At some point or another, you might lose your phone. It’s always good to know what to do when that happens, but there’s another side to that story: what if you’re the person who finds a lost phone? You’d be surprised at how many people don’t know what to do when they find someone else’s phone—and really, there isn’t a single “right” answer. But there are a few things to keep in mind to make it easier for that person to get their phone back.

One time I was at Old Navy and suddenly the pants behind me started ringing. At first I didn’t realize where the ringing was coming from, but it didn’t take long to figure out what was going on here: someone had tried pants on, put the phone in the pocket (who does that?), and forgot to take it out. So he called his lost phone repeatedly until someone answered. That someone was me. He had no idea where the phone even was, which is probably pretty common when someone loses their phone. But he came back to Old Navy, I gave him his phone, and we went on about our day. This is most likely the most common scenario when dealing with a lost phone, but it’s always good to know what to do when it doesn’t play out exactly like this.

RELATED: How to Find Your Lost or Stolen Android Phone

Keep It Charged and Connected

There’s a good chance the person who lost the phone will want to either track or call it when they realize it’s missing, so one of the biggest things you can do to help them is keep it charged and connected to the internet. If the phone is active on a cellular network, the last part shouldn’t be something to worry about, but if for some reason it’s an inactive phone, try putting it on Wi-Fi. This may not be possible if it has a secured lock screen, but hey—at least you tried. Every little bit helps.

Basically, if the phone dies, it’s almost useless. No calls will come through and there’s no way to track it once it’s dead. So do them a favor and make sure it’s juiced at the very least.

Turn It In to the Place Where You Found It

This one isn’t always a no-brainer, because it’s not always that simple. You have to use your best judgement here, because many business will just toss the phone in a bin and wait for someone to come in looking for it—they don’t monitor it for calls, make sure it stays charged, or anything else you should do with a lost phone. What’s more, if the phone’s owner doesn’t know where it was lost, they may never walk back into that business again. That said, it’s still the right thing to do if you don’t want to take on the responsibility of waiting for the owner to come looking for it.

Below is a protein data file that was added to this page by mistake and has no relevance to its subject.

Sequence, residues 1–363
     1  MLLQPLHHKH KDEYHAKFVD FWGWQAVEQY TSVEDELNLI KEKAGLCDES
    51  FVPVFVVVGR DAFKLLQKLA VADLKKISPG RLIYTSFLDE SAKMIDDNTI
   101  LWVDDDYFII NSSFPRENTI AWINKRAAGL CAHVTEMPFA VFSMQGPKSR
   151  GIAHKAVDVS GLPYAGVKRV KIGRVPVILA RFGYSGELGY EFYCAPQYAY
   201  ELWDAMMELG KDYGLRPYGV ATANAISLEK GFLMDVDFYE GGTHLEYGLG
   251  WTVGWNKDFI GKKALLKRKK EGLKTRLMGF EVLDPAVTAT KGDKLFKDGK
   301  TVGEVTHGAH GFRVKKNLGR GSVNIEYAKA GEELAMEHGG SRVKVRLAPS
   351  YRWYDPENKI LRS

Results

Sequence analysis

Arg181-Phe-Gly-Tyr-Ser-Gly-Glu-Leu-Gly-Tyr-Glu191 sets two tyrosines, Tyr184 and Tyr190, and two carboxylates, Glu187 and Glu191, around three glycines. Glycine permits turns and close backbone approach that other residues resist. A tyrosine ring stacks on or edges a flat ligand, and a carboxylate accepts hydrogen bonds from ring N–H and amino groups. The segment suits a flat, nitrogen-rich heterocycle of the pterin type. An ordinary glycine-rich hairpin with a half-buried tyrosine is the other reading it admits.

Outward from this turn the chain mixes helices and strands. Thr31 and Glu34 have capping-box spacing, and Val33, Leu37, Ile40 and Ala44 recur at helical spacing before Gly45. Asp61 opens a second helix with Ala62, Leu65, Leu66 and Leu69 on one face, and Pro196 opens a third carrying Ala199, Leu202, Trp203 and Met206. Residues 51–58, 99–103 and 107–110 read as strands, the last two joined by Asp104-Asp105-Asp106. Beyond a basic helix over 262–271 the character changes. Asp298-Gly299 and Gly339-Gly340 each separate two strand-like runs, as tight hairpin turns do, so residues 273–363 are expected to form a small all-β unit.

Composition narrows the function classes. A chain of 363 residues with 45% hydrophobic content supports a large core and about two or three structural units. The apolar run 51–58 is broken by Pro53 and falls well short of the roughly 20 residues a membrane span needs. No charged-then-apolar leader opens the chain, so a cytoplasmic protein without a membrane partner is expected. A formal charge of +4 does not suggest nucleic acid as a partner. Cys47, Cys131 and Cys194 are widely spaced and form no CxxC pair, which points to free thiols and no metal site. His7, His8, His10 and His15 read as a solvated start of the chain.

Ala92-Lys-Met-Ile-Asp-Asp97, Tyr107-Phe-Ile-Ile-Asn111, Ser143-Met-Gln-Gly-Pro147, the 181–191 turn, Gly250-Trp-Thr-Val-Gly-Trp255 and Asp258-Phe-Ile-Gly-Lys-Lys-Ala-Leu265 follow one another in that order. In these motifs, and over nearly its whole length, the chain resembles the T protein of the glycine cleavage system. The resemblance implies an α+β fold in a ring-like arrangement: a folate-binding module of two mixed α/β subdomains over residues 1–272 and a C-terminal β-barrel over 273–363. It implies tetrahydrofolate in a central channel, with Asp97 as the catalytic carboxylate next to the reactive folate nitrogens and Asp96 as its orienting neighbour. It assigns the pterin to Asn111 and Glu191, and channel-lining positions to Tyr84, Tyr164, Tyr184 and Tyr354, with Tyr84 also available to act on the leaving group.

But you should also keep in mind that there are situations where it doesn’t make sense to give the phone to a business—like if you find it outside, for example. Just because the phone is in front of a place, doesn’t necessarily mean that the owner was in that place. In that situation, they’d probably never find it.

Don’t Look at Their Stuff (Except Their Contacts)

Think of all the stuff you have on your phone: personal pictures, social network connections, banking information, etc. Would you want someone looking at that? I sure as hell wouldn’t. And it should really go without saying, but I’m going to say it anyway: if you find a phone that doesn’t have a secured lock screen, don’t go through it. It’s just not right.

However, you should probably check the contacts list. Oftentimes people will have “favorites” or “starred” contacts set, and that’s a good bet on who to call if you’re trying to track the owner down. Generally, I’d look for the most telling names—wife, hubby, loverface, bae, boo—you know, the stuff that everyone lists their significant other as. In the case that there isn’t a significant other, you could just try calling the first person on the list. Or even the last person in the recent calls list, but at that point you’re on the cusp of getting a little too friendly with someone else’s phone. Tread carefully, honest one.

Profile Photo for Cameron Summerson Cameron Summerson
Cameron Summerson is ex-Editor-in-Chief of Review Geek and served as an Editorial Advisor for How-To Geek and LifeSavvy. He covered technology for a decade and wrote over 4,000 articles and hundreds of product reviews in that time. He’s been published in print magazines and quoted as a smartphone expert in the New York Times.
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